Encyclopedia of Machine Learning

2010 Edition
| Editors: Claude Sammut, Geoffrey I. Webb

Class Imbalance Problem

  • Charles X. Ling
  • Victor S. Sheng
Reference work entry
DOI: https://doi.org/10.1007/978-0-387-30164-8_110


Data are said to suffer the Class Imbalance Problem when the class distributions are highly imbalanced. In this context, many  classification learning algorithms have low predictive accuracy for the infrequent class.  Cost-sensitive learning is a common approach to solve this problem.

Motivation and Background

Class imbalanced datasets occur in many real-world applications where the class distributions of data are highly imbalanced. For the two-class case, without loss of generality, one assumes that the minority or rare class is the positive class, and the majority class is the negative class. Often the minority class is very infrequent, such as 1% of the dataset. If one applies most traditional (cost-insensitive) classifiers on the dataset, they are likely to predict everything as negative (the majority class). This was often regarded as a problem in learning from highly imbalanced datasets.

However, Provost (2000) describes two fundamental assumptions that are often made...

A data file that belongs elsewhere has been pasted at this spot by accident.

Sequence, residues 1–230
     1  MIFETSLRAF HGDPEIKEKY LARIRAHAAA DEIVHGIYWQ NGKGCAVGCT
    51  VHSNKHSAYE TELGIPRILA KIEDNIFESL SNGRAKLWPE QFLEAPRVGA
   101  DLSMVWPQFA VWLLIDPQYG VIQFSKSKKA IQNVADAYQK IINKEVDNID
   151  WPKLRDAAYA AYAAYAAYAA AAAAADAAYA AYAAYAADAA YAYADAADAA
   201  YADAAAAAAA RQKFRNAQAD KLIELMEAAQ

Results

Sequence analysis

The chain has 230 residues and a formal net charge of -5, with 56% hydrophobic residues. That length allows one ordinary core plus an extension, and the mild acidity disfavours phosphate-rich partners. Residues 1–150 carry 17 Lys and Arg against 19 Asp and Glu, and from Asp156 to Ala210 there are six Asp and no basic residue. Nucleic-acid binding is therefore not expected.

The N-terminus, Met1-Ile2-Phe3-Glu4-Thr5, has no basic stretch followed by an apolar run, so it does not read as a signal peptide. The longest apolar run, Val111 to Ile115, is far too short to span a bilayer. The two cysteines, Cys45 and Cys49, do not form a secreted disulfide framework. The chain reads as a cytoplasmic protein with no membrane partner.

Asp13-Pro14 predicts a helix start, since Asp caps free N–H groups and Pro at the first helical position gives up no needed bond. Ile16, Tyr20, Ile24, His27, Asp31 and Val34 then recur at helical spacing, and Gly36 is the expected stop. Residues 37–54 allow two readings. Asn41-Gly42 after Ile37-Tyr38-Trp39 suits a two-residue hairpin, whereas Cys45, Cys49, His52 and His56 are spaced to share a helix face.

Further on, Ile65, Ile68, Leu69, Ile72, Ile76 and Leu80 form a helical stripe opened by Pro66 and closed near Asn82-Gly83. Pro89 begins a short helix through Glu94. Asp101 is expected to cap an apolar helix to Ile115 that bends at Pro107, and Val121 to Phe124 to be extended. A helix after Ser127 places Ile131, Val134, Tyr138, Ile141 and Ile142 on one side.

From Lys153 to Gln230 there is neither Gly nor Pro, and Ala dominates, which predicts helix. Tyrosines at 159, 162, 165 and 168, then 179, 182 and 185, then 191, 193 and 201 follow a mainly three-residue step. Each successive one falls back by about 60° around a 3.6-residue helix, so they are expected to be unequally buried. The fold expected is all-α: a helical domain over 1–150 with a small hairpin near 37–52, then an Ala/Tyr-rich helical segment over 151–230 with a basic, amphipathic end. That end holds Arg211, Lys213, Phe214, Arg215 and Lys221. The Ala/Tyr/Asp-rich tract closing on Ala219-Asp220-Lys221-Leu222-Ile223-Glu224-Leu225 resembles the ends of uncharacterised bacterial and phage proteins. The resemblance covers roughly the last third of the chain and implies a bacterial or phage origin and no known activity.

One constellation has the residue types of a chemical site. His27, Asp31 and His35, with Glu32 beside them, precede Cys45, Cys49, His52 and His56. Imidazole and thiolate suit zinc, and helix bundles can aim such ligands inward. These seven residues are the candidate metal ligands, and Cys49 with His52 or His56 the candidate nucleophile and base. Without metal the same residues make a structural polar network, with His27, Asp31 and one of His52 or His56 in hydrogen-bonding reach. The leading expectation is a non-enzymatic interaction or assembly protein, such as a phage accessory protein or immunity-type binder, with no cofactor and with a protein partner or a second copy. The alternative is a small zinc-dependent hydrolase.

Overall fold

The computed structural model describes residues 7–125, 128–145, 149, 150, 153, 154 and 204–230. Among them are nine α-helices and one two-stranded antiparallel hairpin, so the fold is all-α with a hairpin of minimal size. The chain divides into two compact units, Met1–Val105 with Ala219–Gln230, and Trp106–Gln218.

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Recommended Reading

  1. Drummond, C., & Holte, R. (2000). Exploiting the cost (in)sensitivity of decision tree splitting criteria. In Proceedings of the seventeenth international conference on machine learning (pp. 239–246).Google Scholar
  2. Drummond, C., & Holte, R. (2005). Severe class imbalance: Why better algorithms aren’t the answer. In Proceedings of the sixteenth European conference of machine learning, LNAI (Vol. 3720, pp. 539–546).Google Scholar
  3. Japkowicz, N., & Stephen, S. (2002). The class imbalance problem: A systematic study. Intelligent Data Analysis, 6(5), 429–450.zbMATHGoogle Scholar
  4. Ling, C. X., & Li, C. (1998). Data mining for direct marketing – Specific problems and solutions. In Proceedings of fourth international conference on Knowledge Discovery and Data Mining (KDD-98) (pp. 73–79).Google Scholar
  5. Provost, F. (2000). Machine learning from imbalanced data sets 101. In Proceedings of the AAAI’2000 workshop on imbalanced data.Google Scholar

Copyright information

© Springer Science+Business Media, LLC 2011

Authors and Affiliations

  • Charles X. Ling
  • Victor S. Sheng

There are no affiliations available